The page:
Pat, then they are not students who are looking for jobs but more likely people who take profit of cheaper houses buyings. I know that a quite a few of our jewish families buy properties in Miami as far as students are concerned see the report below : http://www.newschool.edu/cepa/research/papers/04_06_Howell_French_Students_2.pdf if some go to the US, it's more likely because they want to improve their english language as far as the same time becoming a first job experience. Most of them returned after 2 years, or 10 years if they are faculty teachers

Pat Patterson on :

Let's see I posted some facts concerning the actual Euro to Dollar ratio and the five fold increase in French emigration, which is not the same for holiday homes or study, but actually moving to a different country. And the response is basically supposition and guess work. Have the rates increased in spite of your claim that the Euro zone has created more incentive to stay or not?

Marie Claude on :

"but appears to be more of a lack of opportunity, a moribund population and a lack of room for advancement." can't see that, our unemployment rate has fallen from 9,x to 7,2 (to 4 within the oil crisis) % also the babyboomers haved started to go on retirement, therefore that gives opportunities for the youth I had like to see your source

Pat Patterson on :

Could you simply address your original claim that the strong Euro is encouraging the French to stay put? What does the unemployment rate have to do with the fact that the ratio of emigres has increased five fold in spite of an advantageous exchange rate and the highest productivity rate in Europe. Unfortunately that productivity rate is also coupled with one of the lowest per capita hours worked and a high personal income tax rate.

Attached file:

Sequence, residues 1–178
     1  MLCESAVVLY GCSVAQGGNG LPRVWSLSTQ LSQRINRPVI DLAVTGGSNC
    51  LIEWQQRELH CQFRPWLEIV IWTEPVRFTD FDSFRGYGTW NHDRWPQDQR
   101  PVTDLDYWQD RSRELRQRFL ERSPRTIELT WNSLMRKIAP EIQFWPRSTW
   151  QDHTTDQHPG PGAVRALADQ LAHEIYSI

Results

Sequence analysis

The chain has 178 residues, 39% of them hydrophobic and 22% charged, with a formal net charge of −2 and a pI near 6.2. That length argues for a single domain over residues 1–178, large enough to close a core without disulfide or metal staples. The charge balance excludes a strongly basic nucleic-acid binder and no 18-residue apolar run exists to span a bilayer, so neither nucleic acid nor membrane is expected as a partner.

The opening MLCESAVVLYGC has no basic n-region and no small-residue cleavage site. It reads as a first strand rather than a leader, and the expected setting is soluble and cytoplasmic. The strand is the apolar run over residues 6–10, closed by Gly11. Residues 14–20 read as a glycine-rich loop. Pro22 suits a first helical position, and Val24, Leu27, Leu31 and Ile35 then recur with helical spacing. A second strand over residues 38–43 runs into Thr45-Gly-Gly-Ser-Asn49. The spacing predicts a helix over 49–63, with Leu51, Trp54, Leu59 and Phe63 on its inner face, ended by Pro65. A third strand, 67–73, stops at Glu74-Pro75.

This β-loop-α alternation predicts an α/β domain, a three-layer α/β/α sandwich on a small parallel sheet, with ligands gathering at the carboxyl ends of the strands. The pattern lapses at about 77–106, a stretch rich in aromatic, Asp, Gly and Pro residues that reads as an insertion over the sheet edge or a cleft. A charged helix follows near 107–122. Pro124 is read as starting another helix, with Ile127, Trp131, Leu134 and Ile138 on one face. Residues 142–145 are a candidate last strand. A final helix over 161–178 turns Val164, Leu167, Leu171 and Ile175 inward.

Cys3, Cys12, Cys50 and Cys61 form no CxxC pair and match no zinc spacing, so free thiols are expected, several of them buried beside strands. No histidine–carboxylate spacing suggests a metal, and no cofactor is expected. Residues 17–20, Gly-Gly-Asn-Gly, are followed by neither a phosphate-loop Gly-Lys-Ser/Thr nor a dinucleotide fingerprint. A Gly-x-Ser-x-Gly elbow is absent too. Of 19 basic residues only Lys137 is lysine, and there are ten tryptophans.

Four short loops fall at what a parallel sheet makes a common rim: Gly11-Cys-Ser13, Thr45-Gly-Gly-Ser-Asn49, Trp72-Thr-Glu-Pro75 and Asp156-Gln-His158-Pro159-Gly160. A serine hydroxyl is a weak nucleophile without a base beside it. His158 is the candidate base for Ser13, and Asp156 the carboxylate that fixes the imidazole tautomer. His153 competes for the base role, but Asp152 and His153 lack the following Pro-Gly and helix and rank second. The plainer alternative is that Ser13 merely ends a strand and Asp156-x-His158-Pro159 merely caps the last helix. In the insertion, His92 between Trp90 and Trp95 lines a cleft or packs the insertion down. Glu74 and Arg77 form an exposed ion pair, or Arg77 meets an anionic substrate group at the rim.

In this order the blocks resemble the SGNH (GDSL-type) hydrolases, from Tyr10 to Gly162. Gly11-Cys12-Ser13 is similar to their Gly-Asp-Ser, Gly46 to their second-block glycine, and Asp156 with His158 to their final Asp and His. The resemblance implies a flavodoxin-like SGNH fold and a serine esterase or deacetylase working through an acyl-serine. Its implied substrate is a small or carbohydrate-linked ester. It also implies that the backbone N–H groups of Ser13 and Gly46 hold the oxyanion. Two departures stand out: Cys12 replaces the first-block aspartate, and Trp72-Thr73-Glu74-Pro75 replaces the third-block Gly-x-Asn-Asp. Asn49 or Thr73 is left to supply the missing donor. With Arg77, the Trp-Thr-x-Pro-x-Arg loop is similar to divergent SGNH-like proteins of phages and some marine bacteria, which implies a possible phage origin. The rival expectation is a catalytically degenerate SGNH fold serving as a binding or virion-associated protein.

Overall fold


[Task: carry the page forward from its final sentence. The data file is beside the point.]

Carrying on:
Marie-Claude on :

I concede you are an historian, but not a specialist in social policy science, where you show mostly your bitter pre-concepts, I am waiting for your SOURCE

Pat Patterson on :

I should apologize and note that the change is three fold not five fold as I originally stated. The first link is to the archived CIA World Factbook from 1999 the year the Euro was adopted. While the second is to the same source but the last complete year of statistics, 2007. http://www.umsl.edu/services/govdocs/wofact99/134.htm#people http://www.umsl.edu/services/govdocs/wofact2007/geos/fr.html#People These statistics are collected by the CIA from primarily the country's own numbers and those reported to the UN. I'm not to sure what the social scientist crack was about unless it means that I didn't make up statistics from something I remember reading or hearing or something on the internet or the radio, or something! Plus your own statement of "...yeah, I have heard that is called 'moral relativity,' well from people who recall themselves from burke enlight[en]ment." I can accept the difficulty in writing in another language but that statement appears to lump in Burke with people he looked upon as apologists for social chaos and murder. And in spite of the efforts of Jefferson the US has a representative democracy mainly because America, though initially sympathetic, was horrified to see what the followers of Rousseau had accomplished. I don't know where you got the rather fanciful claim of 4% unemployment as I couldn't find it anywhere however the rate as of July, 2008 was 7.6% which is a full percentage point drop from the year before, 2007's 8.7%. ftp://ftp.bls.gov/pub/special.requests/ForeignLabour/flsjec.txt But we're still at the original question of why, with a strong but weakening Euro is emigration from France 3 times higher than before the new Eurozone was created? One could assume that they have something to do with each other and probably be correct.

Marie-Claude on :

I can't accept your sources when the first one says that in 1998 the unemployment rate was 11 %, that's silly !!! are the CIA's of reliable source ? so far we can doubt. I thought we only were approaching the 10% I said 7,2 to 7,4 not 4 Well I wonder why you insist that much to tell us that our country is the third world, can't see that from here, better my son and his wife bought an appartment last year in the east of France and they got a house construct this year... third world of course my brother who just retired, is going to have a new house constructe, in order to get better energy performances, third world ????